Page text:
I found my arms swathed down — my feet tied so fast that mine ankles ache at the very remembrance — the place was utterly dark — the oubliette, I suppose, of their accursed convent, and from the close, stifled, damp smell, I conceive it is also used for a place of sepulture.
— Ivanoe, Sir Walter Scott (1819)
This is a wonderful little word. An oubliette is a dungeon or prison cell whose only means of egress is through a trapdoor in the ceiling. For that reason, it’s usually deep underground, dark, cold, and made of earth and stone. It’s basically the opposite of the chamber in which Frodo was imprisoned in the Tower of Cirith Ungol, which was at the very top of the tower and could be reached only through a trapdoor in its floor, though I daresay one might still call that an oubliette.
The etymology of the word should be readily apparent to French speakers. It derives (fairly recently, too) from the French oublier “to forget”, which in turn comes from Latin oblīvisci “to forget” (and from which we derive the Modern English oblivion). With this etymology in mind, the chamber in the Tower of Cirith Ungol really would have become an oubliette if Sam hadn’t come along, and all the Orcs had killed each other off leaving Frodo all alone in the Tower!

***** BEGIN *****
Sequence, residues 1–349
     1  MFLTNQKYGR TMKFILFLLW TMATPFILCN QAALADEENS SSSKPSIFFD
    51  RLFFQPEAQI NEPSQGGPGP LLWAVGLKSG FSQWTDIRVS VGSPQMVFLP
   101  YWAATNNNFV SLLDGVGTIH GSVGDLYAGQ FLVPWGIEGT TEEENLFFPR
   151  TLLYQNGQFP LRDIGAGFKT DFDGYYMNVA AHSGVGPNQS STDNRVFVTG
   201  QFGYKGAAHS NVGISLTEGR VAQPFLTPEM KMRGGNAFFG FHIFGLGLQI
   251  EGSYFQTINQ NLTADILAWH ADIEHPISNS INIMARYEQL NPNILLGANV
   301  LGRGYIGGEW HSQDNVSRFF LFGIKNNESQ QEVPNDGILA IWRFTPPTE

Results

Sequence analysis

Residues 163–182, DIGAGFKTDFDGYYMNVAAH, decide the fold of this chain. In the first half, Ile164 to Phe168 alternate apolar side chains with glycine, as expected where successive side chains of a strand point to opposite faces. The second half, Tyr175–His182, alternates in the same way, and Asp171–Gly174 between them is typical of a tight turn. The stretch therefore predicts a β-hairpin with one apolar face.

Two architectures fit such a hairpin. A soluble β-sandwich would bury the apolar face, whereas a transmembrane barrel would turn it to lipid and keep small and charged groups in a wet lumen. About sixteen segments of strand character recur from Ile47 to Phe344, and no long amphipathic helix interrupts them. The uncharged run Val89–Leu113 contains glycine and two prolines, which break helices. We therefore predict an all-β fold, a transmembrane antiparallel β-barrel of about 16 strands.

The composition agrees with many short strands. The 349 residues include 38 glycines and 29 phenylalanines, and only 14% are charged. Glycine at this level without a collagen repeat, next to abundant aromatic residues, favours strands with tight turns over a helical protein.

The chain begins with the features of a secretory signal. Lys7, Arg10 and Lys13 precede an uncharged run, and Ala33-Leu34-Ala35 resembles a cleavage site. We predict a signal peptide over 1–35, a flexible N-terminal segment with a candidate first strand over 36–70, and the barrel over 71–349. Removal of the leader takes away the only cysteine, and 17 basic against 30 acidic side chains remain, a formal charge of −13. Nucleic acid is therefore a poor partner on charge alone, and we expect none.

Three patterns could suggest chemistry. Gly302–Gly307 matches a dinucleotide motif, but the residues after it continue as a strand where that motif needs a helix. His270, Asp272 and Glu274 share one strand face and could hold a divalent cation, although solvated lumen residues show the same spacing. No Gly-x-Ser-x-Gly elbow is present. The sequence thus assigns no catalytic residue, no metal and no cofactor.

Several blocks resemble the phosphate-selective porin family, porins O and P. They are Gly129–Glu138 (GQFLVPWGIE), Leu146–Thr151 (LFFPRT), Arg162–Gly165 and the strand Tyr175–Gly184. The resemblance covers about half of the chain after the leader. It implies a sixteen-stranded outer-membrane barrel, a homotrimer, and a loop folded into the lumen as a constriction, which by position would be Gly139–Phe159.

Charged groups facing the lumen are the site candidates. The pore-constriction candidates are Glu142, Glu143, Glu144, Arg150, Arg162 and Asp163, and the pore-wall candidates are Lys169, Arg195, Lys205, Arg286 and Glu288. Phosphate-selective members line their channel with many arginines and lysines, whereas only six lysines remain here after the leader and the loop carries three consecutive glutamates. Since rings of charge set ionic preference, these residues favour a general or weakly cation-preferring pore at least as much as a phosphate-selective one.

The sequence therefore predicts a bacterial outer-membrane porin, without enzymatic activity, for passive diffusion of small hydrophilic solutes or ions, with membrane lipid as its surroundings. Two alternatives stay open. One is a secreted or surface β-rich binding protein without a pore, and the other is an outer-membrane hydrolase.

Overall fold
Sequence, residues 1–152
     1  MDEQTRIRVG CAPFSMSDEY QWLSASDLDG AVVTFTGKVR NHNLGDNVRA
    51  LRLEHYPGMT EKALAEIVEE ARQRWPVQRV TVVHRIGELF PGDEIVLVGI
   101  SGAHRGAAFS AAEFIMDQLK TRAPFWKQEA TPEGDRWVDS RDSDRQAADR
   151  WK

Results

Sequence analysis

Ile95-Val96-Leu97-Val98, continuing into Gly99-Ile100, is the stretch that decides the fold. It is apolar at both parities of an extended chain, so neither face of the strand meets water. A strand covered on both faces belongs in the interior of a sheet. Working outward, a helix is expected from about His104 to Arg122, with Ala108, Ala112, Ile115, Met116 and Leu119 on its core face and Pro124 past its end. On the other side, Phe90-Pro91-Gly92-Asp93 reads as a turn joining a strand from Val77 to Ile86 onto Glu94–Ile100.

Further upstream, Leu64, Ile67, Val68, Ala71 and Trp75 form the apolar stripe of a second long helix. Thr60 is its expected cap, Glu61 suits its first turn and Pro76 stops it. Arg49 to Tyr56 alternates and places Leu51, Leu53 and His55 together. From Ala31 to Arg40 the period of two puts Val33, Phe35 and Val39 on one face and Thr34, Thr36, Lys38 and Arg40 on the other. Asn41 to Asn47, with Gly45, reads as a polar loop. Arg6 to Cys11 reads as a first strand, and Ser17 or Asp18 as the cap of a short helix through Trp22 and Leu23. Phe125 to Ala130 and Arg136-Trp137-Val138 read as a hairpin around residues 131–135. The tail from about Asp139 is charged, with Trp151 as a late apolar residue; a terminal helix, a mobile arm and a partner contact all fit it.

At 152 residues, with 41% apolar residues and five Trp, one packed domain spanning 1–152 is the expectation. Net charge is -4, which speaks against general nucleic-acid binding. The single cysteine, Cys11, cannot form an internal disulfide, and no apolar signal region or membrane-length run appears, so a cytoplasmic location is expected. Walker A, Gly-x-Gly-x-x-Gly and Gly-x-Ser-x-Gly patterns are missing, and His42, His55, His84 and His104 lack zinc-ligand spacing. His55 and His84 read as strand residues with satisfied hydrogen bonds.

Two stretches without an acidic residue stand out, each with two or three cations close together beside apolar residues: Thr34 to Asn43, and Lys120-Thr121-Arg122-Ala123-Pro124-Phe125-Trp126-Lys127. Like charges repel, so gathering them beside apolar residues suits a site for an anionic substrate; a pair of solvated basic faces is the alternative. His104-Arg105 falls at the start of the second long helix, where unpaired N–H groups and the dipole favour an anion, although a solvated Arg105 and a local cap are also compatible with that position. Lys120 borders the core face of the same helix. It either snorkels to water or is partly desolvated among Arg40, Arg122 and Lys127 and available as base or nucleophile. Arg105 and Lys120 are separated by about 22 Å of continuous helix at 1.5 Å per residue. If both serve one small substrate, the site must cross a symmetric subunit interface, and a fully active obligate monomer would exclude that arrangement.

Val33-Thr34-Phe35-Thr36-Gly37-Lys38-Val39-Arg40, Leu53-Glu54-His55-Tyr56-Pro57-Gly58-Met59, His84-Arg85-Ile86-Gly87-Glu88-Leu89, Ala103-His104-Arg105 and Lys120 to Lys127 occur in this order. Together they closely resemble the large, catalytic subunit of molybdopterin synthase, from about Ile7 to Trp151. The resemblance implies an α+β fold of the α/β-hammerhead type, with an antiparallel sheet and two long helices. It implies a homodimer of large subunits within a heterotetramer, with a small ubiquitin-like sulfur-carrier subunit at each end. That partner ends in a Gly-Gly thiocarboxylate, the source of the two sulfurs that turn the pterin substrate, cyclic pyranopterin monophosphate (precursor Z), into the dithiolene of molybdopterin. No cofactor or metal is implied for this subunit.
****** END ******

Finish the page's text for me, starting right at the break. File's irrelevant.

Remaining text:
With a slightly related etymology and meaning is perdition. Like oubliette, the word comes to us from Latin by way of French. In this case, it’s the French perdre “to lose” (which is not so different from forgetting), from Latin perdĕre, which means “to lose utterly; to destroy, finish, ruin” (more literally per “to an end” + dăre “to put”). Perdition refers more figuratively to eternal punishment in hell, which is rather what being lost or forgotten in an oubliette must feel like. I can’t help but think of the Man in the Iron Mask.
Are there opportunities to use oubliette metaphorically in the world today? Ever been stuck in an elevator between floors? I have, and I’d say it’s pretty close. A small, claustrophobic cell from which the only escape may be through a trapdoor in the ceiling. More rhetorically, one might use the word to describe a kind of figurative cul de sac in an argument, or perhaps a social or political trap into which one has fallen.